As per the survey, following are the top 15 Singaporeans' Major Concerns:

Source : The Sunday Times
Come and think of it, when we are getting older, our health will get deteriorate sooner or later due to wear and tear, so, personally think that it (health problem) will happens, just like death. The key is how long we can maintain our healthier state of body/mind and prolong it from happening. Besides, stress is the key source of most sickness, so, let's worry/concern less and live our life NOW! ;-)

Personally, I don't usually worry/concern a lot, maybe it's due to my peanut size of brain, my simple mind or just plain poor memory but I do believe everything will be 船到桥头自然直! (loosely translated as : when the boat reach the peer, it will turn straight automatically!)


Friday, August 12, 2016

How Much Time Are You Willing to Invest in Trader Training and Working? (Guest Post)

There is no denying that learning how to trade can open up exciting new financial possibilities for you. However, perhaps you are worried that it is something that might need more of your time than you are willing to give.

The truth is that you can carry out this task successfully without it taking over your life. 

Get the Right Professional Training

You might think that it is a good idea to save some time by skipping the training and just plunging right in to make your first deals. The problem with this approach is that it is going to take you longer to get going in the first place.

A better idea is to set aside sufficient time to get your training sorted out right at the start, to find out about common investing terms and to feel really comfortable. In this way, you will be able to hit the ground running feeling confident and ready to make some smart investments.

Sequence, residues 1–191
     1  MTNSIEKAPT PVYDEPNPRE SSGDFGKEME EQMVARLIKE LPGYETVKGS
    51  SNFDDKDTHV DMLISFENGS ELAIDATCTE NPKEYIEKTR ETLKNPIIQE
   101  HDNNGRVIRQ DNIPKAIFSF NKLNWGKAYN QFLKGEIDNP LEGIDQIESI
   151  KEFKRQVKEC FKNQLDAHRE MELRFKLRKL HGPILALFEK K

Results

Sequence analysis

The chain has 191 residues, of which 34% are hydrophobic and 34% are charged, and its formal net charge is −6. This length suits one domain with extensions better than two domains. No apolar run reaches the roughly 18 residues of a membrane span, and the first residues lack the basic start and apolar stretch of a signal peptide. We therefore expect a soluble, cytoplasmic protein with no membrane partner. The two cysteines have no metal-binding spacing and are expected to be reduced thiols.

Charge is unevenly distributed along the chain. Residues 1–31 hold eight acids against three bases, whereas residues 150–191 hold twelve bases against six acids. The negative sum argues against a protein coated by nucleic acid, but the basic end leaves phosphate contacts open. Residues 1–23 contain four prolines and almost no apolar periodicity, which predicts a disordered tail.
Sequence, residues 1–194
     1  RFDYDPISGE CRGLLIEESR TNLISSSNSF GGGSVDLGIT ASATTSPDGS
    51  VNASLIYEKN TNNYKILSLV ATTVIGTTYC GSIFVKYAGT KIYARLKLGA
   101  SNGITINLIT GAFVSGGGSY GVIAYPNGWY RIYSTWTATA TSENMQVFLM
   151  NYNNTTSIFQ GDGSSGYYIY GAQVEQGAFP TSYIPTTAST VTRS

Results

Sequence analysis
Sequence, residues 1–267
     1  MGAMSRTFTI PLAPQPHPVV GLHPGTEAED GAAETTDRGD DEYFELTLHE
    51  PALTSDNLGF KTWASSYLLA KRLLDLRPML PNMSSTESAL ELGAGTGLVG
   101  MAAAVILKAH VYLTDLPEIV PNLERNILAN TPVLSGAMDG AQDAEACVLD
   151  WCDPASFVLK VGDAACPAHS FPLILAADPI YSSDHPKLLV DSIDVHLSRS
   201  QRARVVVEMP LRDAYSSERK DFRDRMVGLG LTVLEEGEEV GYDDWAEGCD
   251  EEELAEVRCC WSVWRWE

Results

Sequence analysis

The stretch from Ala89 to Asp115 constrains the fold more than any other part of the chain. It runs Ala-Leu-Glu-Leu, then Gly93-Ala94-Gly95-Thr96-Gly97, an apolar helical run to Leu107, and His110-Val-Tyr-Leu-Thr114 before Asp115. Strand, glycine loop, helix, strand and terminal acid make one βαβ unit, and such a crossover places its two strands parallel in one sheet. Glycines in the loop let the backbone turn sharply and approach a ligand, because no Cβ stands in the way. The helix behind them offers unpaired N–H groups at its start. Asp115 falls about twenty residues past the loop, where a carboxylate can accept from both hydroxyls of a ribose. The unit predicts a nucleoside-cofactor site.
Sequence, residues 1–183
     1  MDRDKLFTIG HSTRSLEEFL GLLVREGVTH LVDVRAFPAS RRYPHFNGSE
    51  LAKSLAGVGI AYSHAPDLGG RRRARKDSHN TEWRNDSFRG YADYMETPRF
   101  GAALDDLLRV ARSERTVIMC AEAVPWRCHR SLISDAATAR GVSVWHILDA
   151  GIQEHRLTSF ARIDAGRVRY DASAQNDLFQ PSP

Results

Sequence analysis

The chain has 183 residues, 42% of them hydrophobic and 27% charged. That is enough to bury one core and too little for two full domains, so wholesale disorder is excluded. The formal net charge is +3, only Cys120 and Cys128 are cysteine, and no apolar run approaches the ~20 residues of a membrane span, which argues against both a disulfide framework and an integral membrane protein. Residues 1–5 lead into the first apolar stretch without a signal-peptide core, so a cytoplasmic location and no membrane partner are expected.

By arranging a trader trading session at the start you can make the most of your time spent trading and feel good about doing it in the best way possible. You certainly don’t want to waste your time and energy by getting started when you don’t really know what you are doing.

Once you have learned the basics you will be keen to find out more and become a fully-fledged trading expert. It is clear that the more time you spend doing research and making trades the more experience and knowledge you will carry on gaining.

Don’t Rush In

One mistake that some new traders make is to rush right in and start to invest all of their money as quickly as they can. While you will be keen to use your new-found knowledge and to get some results, you don’t want to do this too quickly and risk making bad moves.

Instead, you should look to set aside enough time to get start gently and in a relaxed way. By taking your time over your first few investments you can wait until you are completely sure that you are making the right moves.

On the other hand, if you rush in then there is more chance of you making a bad investment decision and living to regret it. This means that you really need to wait until you have enough time to get going in a way that suits you and without cutting any corners.

If this means holding off until you have enough time to do things properly then you will benefit from this in the long run, even if it is mildly frustrating to have to hold off at the start.

Fit It Around Your Life

One of the biggest advantages to trading stock on the market is that it is the kind of job or hobby that you can fit around your life. If you want to do it as a part-time hobby and just spend a few hours a week on it then this is possible.

Alternatively, if you want to make this your new career then you could easily do it on a full-time basis instead. It all comes down to how much free time you have and how much of it you want to dedicate to doing this.

Of course, you can also do this wherever you are. If you want to trade on the beach, at home or anywhere else then the power of online trading makes this entirely possible. If you are serious about trying this as a new hobby or as a new career then you should think about how you would prefer to fit it around your life.

It doesn’t matter how much or how little time you have spare to get trader trading and then to start working. Once you decide to give this a go then finding the time to do it right is going to be easier than you might have imagined it would be.

Saturday, August 6, 2016

Weekend Sharing - Anything But Investing!

Suicide Squad
This week alone, there are a couple of major events that has happened and will (or has) affect me directly or indirectly. No, none of them are related to investing, so, let me list them down below....